What You Need for Organizational Success

A Fast-Paced Reality

A saying we frequently hear in the halls of Ameriflex is some version of, “The only constant around here is change.” There are a couple of reasons for this. First, it’s an acknowledgment of how we run things here, and second, it’s an attempt to mentally prepare the audience and probably the speaker too, for the reality that we live in: a world that is changing faster than we can adapt to it.

Asymmetric Risk-Reward

Coordinating efforts of multiple people in attaining a common goal requires more agility than ever before. In this reality, the odds of success are lower, but that’s no reason to have a self-defeating mindset. You see, in exchange for more uncertainty, if we’re smart, we get something I like to call asymmetric risk-reward, a situation in which the potential benefit outweighs the consequences of the risk (of failure).

Unfortunately, I can’t take credit for this, as some of the world’s smartest (and richest) investors made their fortunes off it. Dr. Peter Attia is a physician and longevity researcher who I have a tremendous amount of respect for. He describes it in this fascinating podcast (at 1:58:00) in the medical context, which I’ll summarize.

Strategic Failure

The decision about whether to take a medication or not is cost/benefit analysis. You want to be picking up gold coins in front of a tricycle, rather than picking up pennies in front of a bulldozer.  The world we live in now is ripe with opportunities for small failures and massive but improbable rewards (lots of gold coins in front of lots of tricycles). This means you must set yourself up to take lots of small risks well, AND pick the small risks that magnify your success toward that mission.

Doing this means you have to fail a lot, fail fast and learn from your mistakes. There are libraries of books on this topic now, but a quick and dirty appraisal of the concept is articulated by Jeff Bezos at 0:05:15.

Importance of Mindset
Okay, so you already know all this stuff. How do you do it? I don’t have all the answers, but I can give you the 20 percent that will get you 80 percent of your results: Find and cultivate people with a “growth mindset,” and make your atmosphere very uncomfortable for those who have chosen a “fixed mindset.” It’s based on Carol Dweck’s now famous research, as she actually coined these terms.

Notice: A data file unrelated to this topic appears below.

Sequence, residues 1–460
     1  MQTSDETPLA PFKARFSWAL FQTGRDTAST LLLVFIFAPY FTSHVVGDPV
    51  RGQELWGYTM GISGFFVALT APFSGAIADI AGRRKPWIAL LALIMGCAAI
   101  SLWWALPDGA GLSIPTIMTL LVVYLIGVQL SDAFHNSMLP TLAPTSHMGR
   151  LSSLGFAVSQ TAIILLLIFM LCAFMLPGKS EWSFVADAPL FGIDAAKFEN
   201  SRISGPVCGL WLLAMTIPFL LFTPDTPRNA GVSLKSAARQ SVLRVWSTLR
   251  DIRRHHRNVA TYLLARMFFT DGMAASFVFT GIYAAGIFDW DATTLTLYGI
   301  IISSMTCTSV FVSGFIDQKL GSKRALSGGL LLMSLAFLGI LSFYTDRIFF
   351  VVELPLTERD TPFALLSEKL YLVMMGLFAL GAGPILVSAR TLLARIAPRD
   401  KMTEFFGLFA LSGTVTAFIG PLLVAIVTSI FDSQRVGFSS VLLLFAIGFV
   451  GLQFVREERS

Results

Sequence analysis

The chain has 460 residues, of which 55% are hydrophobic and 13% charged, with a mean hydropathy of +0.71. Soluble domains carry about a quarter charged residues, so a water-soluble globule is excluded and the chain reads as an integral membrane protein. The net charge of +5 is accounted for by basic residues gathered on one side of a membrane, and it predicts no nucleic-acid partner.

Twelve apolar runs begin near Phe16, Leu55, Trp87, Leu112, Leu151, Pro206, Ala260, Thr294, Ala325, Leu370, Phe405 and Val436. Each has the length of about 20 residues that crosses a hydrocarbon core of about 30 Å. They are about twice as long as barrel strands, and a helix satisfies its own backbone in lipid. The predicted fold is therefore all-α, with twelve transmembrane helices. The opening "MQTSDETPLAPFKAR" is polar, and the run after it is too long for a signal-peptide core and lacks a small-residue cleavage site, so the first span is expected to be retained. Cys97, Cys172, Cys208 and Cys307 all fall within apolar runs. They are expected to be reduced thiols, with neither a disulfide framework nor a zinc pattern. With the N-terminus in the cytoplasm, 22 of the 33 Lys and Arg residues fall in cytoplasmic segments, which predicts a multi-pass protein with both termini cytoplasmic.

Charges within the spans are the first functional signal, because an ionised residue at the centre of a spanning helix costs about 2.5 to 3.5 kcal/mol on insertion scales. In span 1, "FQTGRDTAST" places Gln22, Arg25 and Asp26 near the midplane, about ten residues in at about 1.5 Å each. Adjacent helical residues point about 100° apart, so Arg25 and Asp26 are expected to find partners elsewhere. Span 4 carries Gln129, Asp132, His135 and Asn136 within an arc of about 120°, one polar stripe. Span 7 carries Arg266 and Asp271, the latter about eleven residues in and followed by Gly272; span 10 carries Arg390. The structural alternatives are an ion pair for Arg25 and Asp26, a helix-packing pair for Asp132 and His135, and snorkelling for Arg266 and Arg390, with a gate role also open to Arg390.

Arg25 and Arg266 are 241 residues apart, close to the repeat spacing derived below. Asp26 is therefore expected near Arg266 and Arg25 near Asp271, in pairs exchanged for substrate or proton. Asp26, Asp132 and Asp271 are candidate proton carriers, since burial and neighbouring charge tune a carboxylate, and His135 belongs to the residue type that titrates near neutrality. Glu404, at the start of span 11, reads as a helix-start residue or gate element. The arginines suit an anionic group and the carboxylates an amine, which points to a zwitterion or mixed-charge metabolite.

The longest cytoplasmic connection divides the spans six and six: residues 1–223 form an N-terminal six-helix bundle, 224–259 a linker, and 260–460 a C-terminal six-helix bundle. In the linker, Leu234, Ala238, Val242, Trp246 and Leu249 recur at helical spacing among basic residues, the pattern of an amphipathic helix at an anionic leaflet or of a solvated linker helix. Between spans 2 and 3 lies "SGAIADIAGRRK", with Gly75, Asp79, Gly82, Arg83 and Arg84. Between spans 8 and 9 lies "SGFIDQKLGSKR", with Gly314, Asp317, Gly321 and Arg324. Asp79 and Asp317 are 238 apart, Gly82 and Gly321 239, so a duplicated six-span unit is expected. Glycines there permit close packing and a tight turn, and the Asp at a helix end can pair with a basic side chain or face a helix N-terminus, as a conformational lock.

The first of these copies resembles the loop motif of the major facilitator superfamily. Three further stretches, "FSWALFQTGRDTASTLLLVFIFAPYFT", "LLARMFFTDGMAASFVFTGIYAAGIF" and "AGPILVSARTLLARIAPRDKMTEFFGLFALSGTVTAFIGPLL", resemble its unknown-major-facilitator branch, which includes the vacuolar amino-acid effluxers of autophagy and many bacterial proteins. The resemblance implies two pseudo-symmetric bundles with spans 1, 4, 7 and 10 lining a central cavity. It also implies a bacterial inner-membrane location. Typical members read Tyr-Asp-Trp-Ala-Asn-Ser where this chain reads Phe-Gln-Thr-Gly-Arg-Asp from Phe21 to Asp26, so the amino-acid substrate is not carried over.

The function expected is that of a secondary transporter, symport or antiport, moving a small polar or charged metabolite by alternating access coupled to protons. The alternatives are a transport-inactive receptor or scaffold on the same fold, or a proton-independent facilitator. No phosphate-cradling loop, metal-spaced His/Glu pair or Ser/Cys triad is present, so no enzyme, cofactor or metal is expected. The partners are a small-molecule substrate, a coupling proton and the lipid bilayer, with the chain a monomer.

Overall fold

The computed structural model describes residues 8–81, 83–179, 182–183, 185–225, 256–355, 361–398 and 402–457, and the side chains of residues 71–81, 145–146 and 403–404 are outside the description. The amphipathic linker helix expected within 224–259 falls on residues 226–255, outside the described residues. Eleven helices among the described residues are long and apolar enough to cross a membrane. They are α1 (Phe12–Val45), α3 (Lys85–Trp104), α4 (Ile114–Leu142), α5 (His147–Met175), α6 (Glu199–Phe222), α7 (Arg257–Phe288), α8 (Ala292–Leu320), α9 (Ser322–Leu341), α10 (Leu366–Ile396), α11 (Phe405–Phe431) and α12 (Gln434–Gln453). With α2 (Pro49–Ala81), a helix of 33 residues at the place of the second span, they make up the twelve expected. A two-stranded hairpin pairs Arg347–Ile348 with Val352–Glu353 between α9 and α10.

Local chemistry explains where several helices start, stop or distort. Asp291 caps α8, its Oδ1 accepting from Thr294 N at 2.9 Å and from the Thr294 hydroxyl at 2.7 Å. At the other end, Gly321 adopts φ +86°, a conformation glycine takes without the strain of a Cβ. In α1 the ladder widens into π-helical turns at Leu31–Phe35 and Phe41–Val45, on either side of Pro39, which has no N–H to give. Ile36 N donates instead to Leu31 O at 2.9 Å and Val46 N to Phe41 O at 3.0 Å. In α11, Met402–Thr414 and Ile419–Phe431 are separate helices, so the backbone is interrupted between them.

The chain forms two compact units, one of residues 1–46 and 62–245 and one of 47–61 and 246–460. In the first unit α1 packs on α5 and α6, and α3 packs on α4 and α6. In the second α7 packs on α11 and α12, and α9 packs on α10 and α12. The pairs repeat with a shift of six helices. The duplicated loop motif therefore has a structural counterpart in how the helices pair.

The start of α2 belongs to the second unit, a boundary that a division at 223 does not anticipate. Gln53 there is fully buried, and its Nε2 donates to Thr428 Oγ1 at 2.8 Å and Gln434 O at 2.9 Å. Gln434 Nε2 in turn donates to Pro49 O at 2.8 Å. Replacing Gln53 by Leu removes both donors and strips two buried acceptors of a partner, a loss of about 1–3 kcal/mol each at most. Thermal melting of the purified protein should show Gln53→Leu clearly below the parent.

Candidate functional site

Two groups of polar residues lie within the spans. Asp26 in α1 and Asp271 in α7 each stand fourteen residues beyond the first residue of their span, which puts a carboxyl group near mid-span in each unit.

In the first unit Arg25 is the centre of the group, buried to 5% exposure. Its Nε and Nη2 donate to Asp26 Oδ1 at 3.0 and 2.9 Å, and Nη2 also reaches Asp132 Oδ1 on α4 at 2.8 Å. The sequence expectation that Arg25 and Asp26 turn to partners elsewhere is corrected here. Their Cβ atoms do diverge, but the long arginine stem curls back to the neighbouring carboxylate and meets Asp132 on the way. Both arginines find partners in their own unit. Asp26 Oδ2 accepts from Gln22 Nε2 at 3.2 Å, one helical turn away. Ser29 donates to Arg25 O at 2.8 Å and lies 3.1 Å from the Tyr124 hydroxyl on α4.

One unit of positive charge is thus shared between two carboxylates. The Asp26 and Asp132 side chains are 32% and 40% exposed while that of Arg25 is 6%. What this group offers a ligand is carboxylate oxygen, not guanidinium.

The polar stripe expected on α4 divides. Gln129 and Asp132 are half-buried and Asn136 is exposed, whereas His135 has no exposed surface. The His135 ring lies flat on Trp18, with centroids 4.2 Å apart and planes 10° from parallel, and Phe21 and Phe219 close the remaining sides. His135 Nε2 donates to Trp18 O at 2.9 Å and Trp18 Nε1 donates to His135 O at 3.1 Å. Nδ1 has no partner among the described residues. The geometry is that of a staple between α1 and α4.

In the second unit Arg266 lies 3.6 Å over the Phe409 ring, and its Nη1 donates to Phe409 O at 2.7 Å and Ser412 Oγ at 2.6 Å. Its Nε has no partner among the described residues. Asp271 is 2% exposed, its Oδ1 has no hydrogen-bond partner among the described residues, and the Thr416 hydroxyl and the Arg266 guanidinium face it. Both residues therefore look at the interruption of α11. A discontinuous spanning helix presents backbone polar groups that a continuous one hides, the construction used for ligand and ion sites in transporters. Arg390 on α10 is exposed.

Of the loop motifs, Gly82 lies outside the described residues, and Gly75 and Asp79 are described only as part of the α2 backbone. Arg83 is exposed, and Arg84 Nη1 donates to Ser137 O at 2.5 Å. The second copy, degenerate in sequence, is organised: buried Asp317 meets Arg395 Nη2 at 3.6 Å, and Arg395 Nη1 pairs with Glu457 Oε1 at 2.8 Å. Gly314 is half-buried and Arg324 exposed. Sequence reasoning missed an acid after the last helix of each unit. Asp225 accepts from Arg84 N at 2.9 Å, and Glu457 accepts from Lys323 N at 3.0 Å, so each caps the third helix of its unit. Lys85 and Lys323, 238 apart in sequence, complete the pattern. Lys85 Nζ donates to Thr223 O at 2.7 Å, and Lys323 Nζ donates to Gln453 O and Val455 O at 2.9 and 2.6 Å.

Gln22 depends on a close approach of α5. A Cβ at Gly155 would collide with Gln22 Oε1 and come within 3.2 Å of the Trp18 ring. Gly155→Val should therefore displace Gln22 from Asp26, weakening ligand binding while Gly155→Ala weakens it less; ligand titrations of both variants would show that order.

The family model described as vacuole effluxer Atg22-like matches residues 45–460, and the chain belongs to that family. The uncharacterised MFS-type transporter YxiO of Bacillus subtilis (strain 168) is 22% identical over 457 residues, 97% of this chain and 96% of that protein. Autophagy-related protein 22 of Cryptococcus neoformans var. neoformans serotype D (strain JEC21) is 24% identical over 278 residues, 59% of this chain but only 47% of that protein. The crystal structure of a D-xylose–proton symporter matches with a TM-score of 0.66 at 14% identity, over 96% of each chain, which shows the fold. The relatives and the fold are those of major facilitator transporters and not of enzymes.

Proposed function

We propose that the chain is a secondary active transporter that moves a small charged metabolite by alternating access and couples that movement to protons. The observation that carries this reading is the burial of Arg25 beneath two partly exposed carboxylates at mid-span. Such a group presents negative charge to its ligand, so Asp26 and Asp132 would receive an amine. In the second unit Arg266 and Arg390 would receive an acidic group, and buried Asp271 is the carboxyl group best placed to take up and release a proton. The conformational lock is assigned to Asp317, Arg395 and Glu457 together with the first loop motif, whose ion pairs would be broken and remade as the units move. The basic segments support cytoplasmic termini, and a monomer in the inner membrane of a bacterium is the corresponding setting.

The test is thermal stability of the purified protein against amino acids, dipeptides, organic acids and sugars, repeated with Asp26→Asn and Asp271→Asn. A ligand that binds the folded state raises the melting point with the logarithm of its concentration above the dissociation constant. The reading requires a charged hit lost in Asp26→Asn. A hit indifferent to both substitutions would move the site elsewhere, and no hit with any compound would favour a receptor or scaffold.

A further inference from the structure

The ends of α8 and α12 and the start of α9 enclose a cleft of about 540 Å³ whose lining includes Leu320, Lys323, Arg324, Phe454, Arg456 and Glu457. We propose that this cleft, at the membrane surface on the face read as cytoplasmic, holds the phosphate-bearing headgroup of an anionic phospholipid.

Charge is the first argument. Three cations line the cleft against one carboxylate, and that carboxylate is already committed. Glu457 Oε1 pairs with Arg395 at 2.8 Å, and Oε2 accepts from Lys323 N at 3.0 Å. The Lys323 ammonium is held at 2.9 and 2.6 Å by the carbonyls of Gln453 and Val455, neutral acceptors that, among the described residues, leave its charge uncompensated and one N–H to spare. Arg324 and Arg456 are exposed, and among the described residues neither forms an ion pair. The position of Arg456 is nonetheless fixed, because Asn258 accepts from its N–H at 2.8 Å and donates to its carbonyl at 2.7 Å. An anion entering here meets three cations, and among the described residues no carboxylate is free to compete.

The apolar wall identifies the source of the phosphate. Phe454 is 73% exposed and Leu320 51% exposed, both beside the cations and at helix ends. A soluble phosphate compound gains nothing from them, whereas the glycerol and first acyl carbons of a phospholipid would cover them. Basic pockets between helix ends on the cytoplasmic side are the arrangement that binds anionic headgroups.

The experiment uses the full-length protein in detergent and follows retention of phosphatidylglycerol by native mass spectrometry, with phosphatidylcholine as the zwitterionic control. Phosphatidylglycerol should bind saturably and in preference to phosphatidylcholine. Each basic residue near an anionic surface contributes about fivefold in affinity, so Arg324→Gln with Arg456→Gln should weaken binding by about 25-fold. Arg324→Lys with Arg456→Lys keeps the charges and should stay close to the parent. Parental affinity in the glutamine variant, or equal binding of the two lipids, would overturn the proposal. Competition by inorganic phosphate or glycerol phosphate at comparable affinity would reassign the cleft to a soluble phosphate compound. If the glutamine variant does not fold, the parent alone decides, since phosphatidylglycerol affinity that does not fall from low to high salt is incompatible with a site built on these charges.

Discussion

“Fixed Mindset”

Someone with a fixed mindset often resists change, struggles with feedback, approaches novel ideas with a default position of “no,” always needs to be right, and are highly risk-averse. They believe their abilities and traits are largely fixed, so whether they realize it or not, they resist on principle what is largely necessary to be successful solving novel problems.

“Growth Mindset”

People with a growth mindset are highly adaptable. They welcome feedback, embrace challenges, love other people’s ideas/perspectives, and try new things. Why? Because they believe they aren’t stuck with the cards they are dealt. In fact, they believe they can get better at things. On principle, their default position is that they can accomplish anything and learn anything until proven otherwise.

If you can create a culture that attracts the open mindset and repels the closed mindset, and you have a reasonably good vision of the future, you’ll solve meaningful problems and create a lot of value for yourself and others.

But How?

That’s a bit trickier. The good news is growth vs. fixed are a continuum, and people can change. I’m going to borrow from Eve Grodnitzky, a psychologist and consultant who helps businesses implement this.

How have we done this at Ameriflex? 

Well, candor is one of our values. In all candor, we, like most organizations, have plenty of work to do. That said, we’ve made a heck of a lot of progress over the past couple of years. For one thing, we’ve thrown a lot of change at the organization. This is part external environment, and frankly, part who we are as an organization. But it does a great job making closed-mindset people uncomfortable in a hurry. 

As Warren Buffett says, “It’s only when the tide goes out do you discover who’s been swimming naked.” Secondly, we’ve put some intelligence into talent acquisition process. We now put every candidate through a battery of aptitude and personality tests, and for critical positions, we run simulations of life at

Ameriflex, rather than rely solely on behavioral interviewing techniques. 

Finally, we set aggressive goals for our organization and our people, but whether we hit the goals or not, we’re happy campers. If we improve what we measure and if we learn valuable lessons in the process, we take that as a win for Ameriflex.

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